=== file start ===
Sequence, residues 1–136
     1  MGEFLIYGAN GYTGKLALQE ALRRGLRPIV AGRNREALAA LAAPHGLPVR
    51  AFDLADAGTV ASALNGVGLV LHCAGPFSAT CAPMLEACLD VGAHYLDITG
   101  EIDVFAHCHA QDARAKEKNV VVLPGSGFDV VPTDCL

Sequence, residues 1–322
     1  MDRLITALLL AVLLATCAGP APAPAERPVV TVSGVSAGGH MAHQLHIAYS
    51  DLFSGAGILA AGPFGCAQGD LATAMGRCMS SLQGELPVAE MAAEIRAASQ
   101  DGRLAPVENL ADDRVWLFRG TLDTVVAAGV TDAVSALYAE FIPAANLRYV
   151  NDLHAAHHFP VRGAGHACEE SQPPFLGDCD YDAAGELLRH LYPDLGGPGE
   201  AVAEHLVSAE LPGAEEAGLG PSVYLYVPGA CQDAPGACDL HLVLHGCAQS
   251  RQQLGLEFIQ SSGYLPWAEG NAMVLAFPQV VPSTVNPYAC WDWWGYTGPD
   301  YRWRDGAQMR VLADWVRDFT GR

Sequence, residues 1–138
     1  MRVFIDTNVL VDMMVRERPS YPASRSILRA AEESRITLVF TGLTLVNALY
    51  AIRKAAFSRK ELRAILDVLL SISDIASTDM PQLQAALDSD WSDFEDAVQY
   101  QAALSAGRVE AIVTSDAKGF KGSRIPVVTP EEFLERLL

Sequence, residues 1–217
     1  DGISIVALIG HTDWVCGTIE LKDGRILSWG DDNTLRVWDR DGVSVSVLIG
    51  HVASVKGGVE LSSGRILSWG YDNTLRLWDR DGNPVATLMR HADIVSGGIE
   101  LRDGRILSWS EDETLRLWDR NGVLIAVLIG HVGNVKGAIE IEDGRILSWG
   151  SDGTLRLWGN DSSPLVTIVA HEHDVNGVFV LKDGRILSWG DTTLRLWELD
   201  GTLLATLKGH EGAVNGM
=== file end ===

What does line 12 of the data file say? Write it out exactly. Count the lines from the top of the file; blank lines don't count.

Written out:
   301  YRWRDGAQMR VLADWVRDFT GR